• Are more cost effective than a data warehouse if you’re storing large volumes of data.
  • Can be more agile and allow for experimentation in data analytics or transformations without the need for an upfront data schema or data modeling.
  • Integrate seamlessly with big data tech, letting businesses perform complex data processes at greater scale than a data warehouse.
  • Gives access to raw data that can be explored and analyzed by data scientists.
  • Support real-time data processing for faster insights and decision-making.

You usually won’t need to worry about choosing a data lake or a data warehouse, because the vast majority of popular ETL tools will direct data flows to the correct type of destination.

You can also load data to business intelligence and data analytics applications. For the most part, though, it makes sense to store the information in one or multiple databases. Otherwise, you might lose access to source data you need later.


As you explore options for ETL options for marketing data, you will almost certainly run into ELT platforms too. They're both data integration processes –  so what's the difference?

With ETL: Extract, Transform and Load

So, data transformation happens within the ETL’s server before loading it to the destination.

With ELT, the process’s steps go:

  1. Extract
  2. Load
  3. Transform

The ETL process loads raw data to the destination. Data cleansing and formatting take place in the target system.

ETL and ELT are not the only data integration methods, of course. If you want to dive a bit deeper, have a look at our blog all about data integration here

Looking for an ETL for your marketing data?

Discover how Funnel can help you extract, transform, and load data from over 500 marketing and sales data sources.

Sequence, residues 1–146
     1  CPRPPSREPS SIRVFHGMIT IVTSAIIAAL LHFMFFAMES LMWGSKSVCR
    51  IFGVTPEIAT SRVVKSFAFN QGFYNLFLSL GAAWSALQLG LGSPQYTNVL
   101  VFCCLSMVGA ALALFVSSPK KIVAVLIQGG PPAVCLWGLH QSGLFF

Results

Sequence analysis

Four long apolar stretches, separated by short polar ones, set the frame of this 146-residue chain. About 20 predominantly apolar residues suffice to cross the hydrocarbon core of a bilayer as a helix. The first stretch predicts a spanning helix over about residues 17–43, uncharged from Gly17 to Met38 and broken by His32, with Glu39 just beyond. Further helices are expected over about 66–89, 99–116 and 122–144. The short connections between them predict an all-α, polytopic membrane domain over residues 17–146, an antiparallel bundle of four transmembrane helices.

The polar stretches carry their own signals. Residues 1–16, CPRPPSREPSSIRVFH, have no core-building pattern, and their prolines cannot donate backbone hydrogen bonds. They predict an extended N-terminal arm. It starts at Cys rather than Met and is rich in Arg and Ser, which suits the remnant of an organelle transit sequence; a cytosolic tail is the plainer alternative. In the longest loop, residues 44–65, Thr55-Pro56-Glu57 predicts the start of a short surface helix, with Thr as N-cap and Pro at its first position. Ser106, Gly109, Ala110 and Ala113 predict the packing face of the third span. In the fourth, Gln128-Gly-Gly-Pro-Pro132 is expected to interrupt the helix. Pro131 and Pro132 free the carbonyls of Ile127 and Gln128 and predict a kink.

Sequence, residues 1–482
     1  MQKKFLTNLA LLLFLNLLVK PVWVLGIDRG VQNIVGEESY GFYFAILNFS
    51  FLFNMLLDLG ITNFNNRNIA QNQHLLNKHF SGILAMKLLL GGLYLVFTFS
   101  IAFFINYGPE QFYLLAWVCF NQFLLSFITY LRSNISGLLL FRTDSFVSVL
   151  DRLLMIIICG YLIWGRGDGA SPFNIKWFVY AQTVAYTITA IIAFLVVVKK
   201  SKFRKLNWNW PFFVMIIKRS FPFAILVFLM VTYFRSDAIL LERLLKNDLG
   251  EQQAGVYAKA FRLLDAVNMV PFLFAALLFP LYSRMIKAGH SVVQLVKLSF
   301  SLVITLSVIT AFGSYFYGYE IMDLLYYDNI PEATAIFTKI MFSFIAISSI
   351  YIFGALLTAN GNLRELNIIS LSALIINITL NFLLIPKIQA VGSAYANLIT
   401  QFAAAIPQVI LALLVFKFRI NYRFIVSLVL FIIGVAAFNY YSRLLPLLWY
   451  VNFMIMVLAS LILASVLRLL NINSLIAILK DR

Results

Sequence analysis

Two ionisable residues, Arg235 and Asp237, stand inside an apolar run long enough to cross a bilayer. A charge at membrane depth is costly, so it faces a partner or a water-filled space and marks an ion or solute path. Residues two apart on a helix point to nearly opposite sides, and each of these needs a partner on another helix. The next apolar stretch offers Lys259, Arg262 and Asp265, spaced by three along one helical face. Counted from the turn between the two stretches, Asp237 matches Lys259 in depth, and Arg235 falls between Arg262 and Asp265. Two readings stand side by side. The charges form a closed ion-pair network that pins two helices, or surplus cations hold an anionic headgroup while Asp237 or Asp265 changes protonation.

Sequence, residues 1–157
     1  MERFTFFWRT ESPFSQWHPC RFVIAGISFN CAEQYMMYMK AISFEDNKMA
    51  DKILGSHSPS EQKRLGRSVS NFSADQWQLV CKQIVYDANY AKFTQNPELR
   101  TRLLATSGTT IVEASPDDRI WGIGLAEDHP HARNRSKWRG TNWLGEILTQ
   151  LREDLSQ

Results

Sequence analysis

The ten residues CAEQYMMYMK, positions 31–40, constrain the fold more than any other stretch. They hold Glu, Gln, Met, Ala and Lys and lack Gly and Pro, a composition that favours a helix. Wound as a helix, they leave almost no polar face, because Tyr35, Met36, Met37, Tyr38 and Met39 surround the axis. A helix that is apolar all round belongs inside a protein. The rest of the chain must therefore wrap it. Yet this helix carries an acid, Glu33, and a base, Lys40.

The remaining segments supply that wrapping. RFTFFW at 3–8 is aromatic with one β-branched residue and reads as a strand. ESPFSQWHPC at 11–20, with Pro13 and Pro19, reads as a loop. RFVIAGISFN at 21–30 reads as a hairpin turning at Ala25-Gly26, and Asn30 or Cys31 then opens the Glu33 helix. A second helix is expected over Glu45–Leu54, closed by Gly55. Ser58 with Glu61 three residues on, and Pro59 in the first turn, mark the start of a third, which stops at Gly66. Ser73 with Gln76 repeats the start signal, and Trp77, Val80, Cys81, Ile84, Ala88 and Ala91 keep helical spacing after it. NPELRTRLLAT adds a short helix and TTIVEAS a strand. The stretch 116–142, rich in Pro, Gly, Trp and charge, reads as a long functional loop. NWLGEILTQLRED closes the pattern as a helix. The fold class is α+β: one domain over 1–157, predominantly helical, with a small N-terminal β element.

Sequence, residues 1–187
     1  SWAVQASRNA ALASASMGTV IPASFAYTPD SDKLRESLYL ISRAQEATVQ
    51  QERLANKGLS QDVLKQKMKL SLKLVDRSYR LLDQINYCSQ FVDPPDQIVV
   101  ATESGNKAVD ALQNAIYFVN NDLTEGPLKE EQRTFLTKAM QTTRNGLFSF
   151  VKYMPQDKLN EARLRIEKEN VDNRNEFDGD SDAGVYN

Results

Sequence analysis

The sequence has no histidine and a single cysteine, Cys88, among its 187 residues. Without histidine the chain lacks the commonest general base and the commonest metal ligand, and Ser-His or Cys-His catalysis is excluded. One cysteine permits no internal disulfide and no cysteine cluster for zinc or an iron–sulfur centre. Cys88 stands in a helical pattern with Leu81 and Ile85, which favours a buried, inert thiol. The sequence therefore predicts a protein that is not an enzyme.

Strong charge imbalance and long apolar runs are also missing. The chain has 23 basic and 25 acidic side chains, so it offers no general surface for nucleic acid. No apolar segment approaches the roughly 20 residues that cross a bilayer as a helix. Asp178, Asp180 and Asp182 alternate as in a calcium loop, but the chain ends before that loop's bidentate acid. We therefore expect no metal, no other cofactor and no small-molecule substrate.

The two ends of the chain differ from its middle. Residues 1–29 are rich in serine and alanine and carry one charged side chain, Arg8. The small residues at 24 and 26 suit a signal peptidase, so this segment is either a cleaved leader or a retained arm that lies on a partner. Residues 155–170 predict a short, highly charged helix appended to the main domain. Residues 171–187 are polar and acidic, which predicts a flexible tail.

How are ETLs used?

Now that you have a better idea of how ETL works, you can start applying the concept to marketing campaigns.

As a marketer, you could use ETL to:

  • Collect data from multiple sources
  • Reformat the data
  • Load the transformed data into a single source
  • Use business intelligence tools (BI) to analyze the data

Related reading: Which data transformation tools are best for digital marketers?

ETL use case: business intelligence

Some large companies have dedicated BI teams that rely on ETL tools to reformat and cleanse data before analyzing it.

Power Digital provides a use case that shows how business intelligence teams can use ETL to save time and improve insights. The marketing company collects data from diverse sources, including Shopify, Google Ads, Good Analytics, and Facebook Ads. Some of its data destinations include Google Data Studio, Google Cloud Storage, Google Sheets, and Amazon S3.

When Power Digital adopted Funnel (which is notably not just an ETL) as a tool capable of backing up historical data, the company’s BI team:

  • Reduced its data collection process time to about one hour.
  • Saved each team member three to four hours of work per month.
  • Benefited from custom connectors that save hundreds of hours per month and avoid high engineering costs.

Now, the marketing business has access to reliable data, avoids unnecessary data refreshes, and enjoys considerably higher efficiency that leads to deeper insights without long wait times.

Imagine you're a creative marketer who dreads keeping up with challenging technologies. Now, imagine how much better you would feel when your employer adopts an ETL solution that doesn't require a lot of technical knowledge. What a relief! You can do great work and analyze the results with help from a user-friendly, no-code ETL platform.

Related reading: Building a marketing reporting stack

Benefits of using an ETL

Like any digital tool, you will find benefits and disadvantages when using an ETL. No platform works perfectly for every company in every situation.

Review the following pros and cons of adding an ETL to your data analysis and collection process. 

1. Delivering a single source of truth 

Data can’t do much for you when you store it in multiple locations. Today’s companies need to embrace digital transformation to get away from inefficient, siloed legacy systems. ETL can help by moving data from all of your sources to one destination.

Now, you have a single point of view that makes it easier for you to manage and store data. The next time you analyze data, you don’t need to worry if someone didn’t include information from one of your sources. An ETL’s data pipelines can automatically collect data from all of the sources you use. Just set them up and let them do the work for you.